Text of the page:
Perturbat pede petrosas plerumque plateas,
Pars portentose populorum prata profanat,
Pars pungit populando potens, pars plurima plagis
Prætendit punire pares, prosternere parvos,” &c.
I am, Sir, yours, &c.

T. Row.

1776, Nov.

MR. URBAN, ON perusing your Magazine for Nov. 1776, wherein the ingenious Mr. Row has given an account of a singular publication, intitled “Nugæ Venales;" it occurred to me that I could in some measure give him the information he desired respecting the author of the poem affixed as an appendix to the Joculatoria.

When at Oxford in the year 1774, I was favoured with a sight of the piece Mr. R. has described, which was delivered to me as a curious production of a music-master (I think a German) then in the university, a Mr. Lates. It begins with the lines given in your Magazine,

Plaudite Porcelli, Porcorum Pigra Propago

Progreditur”. and consisted of about 350.

What might be the inusician's intention of palming on

the world, as his own, a composition incontestably the offspring of another, I will not pretend to say—But that it had been printed “as yet Mr. Lates's image being unformed," is sufficiently clear from a review of " Les Bigarrures du Seigneur des Accords,” and of the “ Amphitheatrum Sapientiæ Socraticæ” of Dornavius.-In both these the poem is ascribed to an “ Allemande, one Petrus Porcius, so nicknamed from the subject-matter he so laboriously and fancifully discussed,-his real name being Petrus Placentius." This account is further confirmed by Baillet, in his tract “ des Auteurs deguisez." The passage relative to our author runs thus: “Enfin il s'est trouvé un poëte, qui voulant decrire un Combat de Porcs, s'est fait appeller Publius Porcius--son ouvrage estoit un de ces poëmes que nous appellons Lettrisez ou Tautogrammes, et tous les mots de la piece commençant par la Lettre P, il n'auroit rien gasté de son economie, s'il s'estoit appellé Petrus Placentinus, qui estoit son nom, mais il luy préféra celuy de Porcius."

To these authorities may be added that of Mr. Le Clerc, who hath given us the age in which the poet lived, with an account of his other publications, though he wholly differs from Dornavius and Baillet in his prænomen. Le Clerc says that his name was Johannes Leo Placentius, a Dominican monk, born at St. Imden, and lived in the 16th age, in 1536; that he composed a history of the bishops of Tongres, Mæstricht, and Liege, taken out of fabulous memoirs, and several poems, among the rest, one de Porcorum Pugna, all the words whereof begin with the letter P, imitating one Theobaldus, a monk of the order of St. Benedict, who (as your correspondent has remarked) Aourished in the time of Charles the Bald, to whom he presented a Panegyric on Baldness, every word beginning with the letter C. From the matter of Placentius's poem, it appears to be written by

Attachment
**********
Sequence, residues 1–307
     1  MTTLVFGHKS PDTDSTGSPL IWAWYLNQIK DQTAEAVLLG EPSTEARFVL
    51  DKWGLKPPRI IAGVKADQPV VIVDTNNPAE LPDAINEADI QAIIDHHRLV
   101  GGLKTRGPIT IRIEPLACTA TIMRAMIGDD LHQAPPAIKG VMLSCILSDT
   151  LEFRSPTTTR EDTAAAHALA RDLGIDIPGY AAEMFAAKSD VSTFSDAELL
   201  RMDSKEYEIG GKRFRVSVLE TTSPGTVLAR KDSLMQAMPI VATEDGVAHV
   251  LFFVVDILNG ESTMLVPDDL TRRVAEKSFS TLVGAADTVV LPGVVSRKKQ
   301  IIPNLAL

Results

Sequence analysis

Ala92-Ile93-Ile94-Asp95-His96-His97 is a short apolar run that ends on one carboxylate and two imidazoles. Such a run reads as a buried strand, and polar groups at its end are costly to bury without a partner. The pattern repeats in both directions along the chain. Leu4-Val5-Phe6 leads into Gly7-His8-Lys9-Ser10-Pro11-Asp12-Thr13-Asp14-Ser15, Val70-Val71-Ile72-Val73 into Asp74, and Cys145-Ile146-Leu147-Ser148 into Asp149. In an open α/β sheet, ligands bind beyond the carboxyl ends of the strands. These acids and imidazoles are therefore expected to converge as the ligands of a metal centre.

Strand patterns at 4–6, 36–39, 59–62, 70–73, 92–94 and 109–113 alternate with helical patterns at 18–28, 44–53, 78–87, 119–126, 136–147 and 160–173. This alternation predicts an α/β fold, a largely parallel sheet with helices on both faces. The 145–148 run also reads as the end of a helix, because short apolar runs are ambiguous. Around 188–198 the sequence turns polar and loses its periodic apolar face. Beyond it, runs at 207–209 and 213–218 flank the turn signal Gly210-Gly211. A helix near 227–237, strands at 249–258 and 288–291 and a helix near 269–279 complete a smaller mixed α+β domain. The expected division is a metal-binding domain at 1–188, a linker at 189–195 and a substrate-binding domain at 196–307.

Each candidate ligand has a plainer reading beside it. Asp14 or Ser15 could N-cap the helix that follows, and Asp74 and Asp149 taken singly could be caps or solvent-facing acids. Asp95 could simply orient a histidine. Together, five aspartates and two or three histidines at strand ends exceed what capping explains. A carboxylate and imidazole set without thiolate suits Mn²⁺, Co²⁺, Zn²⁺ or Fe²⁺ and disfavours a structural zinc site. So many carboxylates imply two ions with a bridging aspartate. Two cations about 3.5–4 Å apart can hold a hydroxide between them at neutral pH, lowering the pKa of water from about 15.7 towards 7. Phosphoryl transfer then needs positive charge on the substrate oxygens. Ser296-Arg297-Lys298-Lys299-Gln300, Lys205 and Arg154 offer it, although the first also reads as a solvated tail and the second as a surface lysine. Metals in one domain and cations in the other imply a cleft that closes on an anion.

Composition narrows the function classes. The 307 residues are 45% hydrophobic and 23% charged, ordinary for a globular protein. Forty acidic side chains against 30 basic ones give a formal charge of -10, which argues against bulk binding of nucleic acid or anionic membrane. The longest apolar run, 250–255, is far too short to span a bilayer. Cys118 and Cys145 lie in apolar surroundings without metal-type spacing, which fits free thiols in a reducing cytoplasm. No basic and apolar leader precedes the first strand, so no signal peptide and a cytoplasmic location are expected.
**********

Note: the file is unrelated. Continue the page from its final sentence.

to whom the dignitaries of the church were obnoxious, being levelled, in a satirical strain, (as Mr. Row observes) against their obesity and indolence; though the contest be. tween them and the inferior clergy may be referred, I should rather suppose, to the “ Licentia Poetica," than to any real occurrence, or probably to some incident in the fabulous memoirs above noticed. The catalogue of authors that have thus trifed away their time, might be numerously enlarged, whose compositions must have cost vast labour in the production, and are equally useless and illaudable when composed.--For, as Martial says

Turpe est difficiles habere nugas,

Et stultus labor ineptiarum.I cannot quit the subject without remarking, that the ingenious Mr. Addison has hamourously ridiculed the writers of this stamp, in the 59th and 63d Nos. of his Spectator ; among others, Tryphiodorus, deservedly known to the world by a poem intitled, jatOT AANEIE, the Destruction of Troy, being a sequel to the Iliad of Homer, translated by the late learned Mr. Merrick.

I am, Sir, yours, 1777, Feb.

J. P.

LXII. Conjecture on an obscure Passage in Shakespeare


Or to take arms against a sea of troubles.

Hamlet, Act III. Sc. 2. THE incongruity of metaphors in these well-known wordshas exercised the pens of many a critical admirer of Shakespeare; but there is another passage in the same play, which has not been so frequently noticed, though, according to the present reading, the images in it seem to be rather improperly blended. The lines to which I refer are in Act II. Scene 2. where Polonius, having d scovered his want of sagacity in advising Ophelia to discountenance Hamlet's addresses, because he thought the prince only trifled with his daughter, delivers himself as follows:

“That hath made him mad.
I'm sorry, that with better speed and judgment

I had not quoted him." Dr. Warburton peremptorily pronounced quoted to be nonsense, and said it appeared, though he shewed not how, that Shakespeare wrote noted; and Dr. Johnson, not approving of this alteration, was willing to believe, that quote here signifies to reckon, to take an account of, to take the quotient or result of a computation. However, as this very learned editor, notwithstanding “his longer acquaintance with the lexicography of our language than any other writer," has

« PreviousContinue »